Saturday, March 12, 2016

KY Senate Repugs Out to Kill Remaining Coal Miners

Literally kill them. This isn't reducing paperwork.  This is taking oxygen tanks and fire-resistant clothes away from firefighters.  Safety inspections are the only thing standing between miners and death.

On Wednesday, the 40th anniversary of the Scotia coal mine explosions in Letcher County that killed 26 people, a Senate committee passed two bills to roll back the state’s mine-safety laws.

Senate Bill 297 would end state safety inspections of coal mines, leaving the task to federal inspectors. Senate Bill 224 would end mandatory state safety training for mine foremen, giving coal companies the option of offering their own training for foremen to save money.
The votes came 40 years to the hour after an explosion caused by the build-up of coal dust and methane rocked the Scotia mine near the Oven Fork community. Two days after the blast, a second explosion occurred. The death toll was 26 miners and mine inspectors; faulty equipment and inadequate ventilation were blamed.


Only one lawmaker, Sen. Ray Jones, D-Pikeville, voted against Girdler’s bill. Jones said the language would leave state mine safety analysts without legal authority to issue citations, shut down a mine or file a report with their superiors if they witnessed dangerous problems while in a mine. State mine inspectors tend to be more knowledgeable and thorough than their federal counterparts, Jones said.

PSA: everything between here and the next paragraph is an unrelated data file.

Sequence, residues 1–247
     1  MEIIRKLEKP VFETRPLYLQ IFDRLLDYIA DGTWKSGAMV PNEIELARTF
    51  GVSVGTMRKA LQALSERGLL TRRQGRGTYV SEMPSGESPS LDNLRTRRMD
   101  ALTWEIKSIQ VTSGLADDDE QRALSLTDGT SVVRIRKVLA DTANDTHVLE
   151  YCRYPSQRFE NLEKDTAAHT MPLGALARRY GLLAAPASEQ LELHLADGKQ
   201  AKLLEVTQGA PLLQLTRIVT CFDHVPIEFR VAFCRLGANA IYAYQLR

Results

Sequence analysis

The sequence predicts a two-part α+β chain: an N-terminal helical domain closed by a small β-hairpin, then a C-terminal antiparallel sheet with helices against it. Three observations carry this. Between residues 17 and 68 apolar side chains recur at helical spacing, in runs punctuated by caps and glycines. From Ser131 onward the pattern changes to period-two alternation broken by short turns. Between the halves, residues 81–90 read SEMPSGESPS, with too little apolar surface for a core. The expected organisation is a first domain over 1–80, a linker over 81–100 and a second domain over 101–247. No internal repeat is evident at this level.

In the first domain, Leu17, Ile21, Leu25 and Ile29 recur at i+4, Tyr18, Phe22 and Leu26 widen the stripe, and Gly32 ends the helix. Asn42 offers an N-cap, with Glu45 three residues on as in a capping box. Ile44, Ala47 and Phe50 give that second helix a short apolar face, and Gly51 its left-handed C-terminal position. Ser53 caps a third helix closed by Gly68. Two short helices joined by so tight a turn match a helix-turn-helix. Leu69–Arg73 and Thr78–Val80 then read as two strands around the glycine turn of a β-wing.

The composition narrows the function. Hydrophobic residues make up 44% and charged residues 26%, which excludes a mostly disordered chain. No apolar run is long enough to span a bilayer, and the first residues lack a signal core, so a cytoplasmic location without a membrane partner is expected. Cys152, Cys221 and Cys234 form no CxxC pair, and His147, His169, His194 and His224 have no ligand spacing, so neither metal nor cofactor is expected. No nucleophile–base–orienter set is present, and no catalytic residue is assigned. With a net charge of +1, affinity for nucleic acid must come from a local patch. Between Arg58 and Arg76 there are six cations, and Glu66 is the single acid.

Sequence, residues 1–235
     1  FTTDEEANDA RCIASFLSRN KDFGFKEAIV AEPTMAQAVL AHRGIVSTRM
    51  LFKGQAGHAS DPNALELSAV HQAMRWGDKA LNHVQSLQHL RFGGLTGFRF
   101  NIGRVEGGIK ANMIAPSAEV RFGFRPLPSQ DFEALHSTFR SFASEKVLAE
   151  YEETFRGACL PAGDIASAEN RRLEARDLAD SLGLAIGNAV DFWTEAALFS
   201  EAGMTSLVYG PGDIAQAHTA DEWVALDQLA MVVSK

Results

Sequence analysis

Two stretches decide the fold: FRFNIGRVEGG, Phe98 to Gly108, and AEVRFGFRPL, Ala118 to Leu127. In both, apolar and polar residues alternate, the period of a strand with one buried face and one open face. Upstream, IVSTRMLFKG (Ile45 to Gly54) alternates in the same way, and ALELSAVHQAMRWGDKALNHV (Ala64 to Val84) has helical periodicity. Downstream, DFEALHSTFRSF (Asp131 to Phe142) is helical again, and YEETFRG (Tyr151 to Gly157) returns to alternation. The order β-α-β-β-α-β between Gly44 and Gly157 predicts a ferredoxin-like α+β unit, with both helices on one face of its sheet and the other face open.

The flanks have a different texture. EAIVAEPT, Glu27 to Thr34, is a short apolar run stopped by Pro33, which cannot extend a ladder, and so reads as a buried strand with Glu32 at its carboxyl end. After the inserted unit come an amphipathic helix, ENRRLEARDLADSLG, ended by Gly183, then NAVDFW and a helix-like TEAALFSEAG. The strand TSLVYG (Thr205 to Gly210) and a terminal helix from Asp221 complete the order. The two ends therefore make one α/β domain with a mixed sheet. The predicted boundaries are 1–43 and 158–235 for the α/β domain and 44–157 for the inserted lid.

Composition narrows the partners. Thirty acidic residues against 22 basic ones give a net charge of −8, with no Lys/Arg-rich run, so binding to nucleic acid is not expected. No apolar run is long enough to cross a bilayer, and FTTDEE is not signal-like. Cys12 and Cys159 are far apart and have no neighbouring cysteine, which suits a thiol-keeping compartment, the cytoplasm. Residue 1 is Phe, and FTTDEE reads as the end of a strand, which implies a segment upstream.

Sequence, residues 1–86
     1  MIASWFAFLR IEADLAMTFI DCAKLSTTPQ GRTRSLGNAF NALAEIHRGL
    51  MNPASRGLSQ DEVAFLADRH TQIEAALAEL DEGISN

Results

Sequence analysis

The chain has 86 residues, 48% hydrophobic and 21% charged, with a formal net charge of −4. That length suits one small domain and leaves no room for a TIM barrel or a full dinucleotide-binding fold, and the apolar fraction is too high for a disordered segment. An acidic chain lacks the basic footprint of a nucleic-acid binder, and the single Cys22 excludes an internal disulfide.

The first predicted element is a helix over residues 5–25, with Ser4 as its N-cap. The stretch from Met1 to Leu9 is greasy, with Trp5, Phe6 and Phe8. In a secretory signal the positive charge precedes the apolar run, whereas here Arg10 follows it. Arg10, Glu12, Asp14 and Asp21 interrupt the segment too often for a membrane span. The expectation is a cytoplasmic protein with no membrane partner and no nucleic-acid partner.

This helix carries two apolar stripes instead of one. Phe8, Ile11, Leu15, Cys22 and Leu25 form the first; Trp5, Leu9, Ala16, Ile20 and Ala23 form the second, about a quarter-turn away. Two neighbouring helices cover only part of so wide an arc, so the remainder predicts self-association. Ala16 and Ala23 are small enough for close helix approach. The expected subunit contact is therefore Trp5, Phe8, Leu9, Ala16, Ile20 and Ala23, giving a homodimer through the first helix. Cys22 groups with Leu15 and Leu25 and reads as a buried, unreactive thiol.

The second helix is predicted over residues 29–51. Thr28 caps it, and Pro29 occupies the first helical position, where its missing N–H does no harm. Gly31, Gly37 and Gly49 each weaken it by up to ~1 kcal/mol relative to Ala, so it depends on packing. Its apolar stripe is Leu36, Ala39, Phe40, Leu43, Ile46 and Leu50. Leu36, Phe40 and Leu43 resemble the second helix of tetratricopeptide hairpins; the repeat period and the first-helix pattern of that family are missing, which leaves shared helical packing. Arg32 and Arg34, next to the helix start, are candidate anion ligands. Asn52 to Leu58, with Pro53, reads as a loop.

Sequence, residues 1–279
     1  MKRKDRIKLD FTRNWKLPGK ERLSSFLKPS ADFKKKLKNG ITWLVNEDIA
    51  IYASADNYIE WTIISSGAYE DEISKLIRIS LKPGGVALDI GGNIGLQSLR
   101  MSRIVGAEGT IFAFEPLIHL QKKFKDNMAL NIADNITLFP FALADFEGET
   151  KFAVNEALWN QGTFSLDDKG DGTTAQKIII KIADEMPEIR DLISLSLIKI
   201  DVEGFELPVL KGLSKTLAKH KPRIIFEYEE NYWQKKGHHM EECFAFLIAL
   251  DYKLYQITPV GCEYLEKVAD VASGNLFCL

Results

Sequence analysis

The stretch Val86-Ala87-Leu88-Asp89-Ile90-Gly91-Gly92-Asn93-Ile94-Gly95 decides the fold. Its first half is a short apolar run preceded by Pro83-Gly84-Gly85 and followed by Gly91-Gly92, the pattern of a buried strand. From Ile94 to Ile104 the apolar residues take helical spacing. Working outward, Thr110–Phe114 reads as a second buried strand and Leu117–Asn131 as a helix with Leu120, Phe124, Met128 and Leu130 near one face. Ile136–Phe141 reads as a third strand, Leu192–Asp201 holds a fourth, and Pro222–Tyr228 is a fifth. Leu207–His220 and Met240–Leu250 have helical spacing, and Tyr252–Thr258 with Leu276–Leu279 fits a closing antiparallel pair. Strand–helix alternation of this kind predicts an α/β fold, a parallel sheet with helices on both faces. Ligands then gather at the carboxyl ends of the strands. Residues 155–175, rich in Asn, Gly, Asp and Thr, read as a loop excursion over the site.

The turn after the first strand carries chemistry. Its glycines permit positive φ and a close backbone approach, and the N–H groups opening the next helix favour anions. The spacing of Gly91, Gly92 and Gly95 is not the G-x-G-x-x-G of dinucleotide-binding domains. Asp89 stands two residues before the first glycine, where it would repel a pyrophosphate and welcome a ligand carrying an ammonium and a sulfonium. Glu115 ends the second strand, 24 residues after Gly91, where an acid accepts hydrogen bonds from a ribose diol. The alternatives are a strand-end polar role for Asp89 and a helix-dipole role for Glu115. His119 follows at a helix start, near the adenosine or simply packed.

Mine safety analysts should not have to remain passive, simply offering recommendations, in the face of serious violations, Jones said.

“There would be no enforcement mechanism,” Jones said. “I think this bill may go a little bit too far on the safety issue.”
 Jones isn't the only state senator representing coal miners, just the only one willing to stand up to the industry and the repug nihilists.

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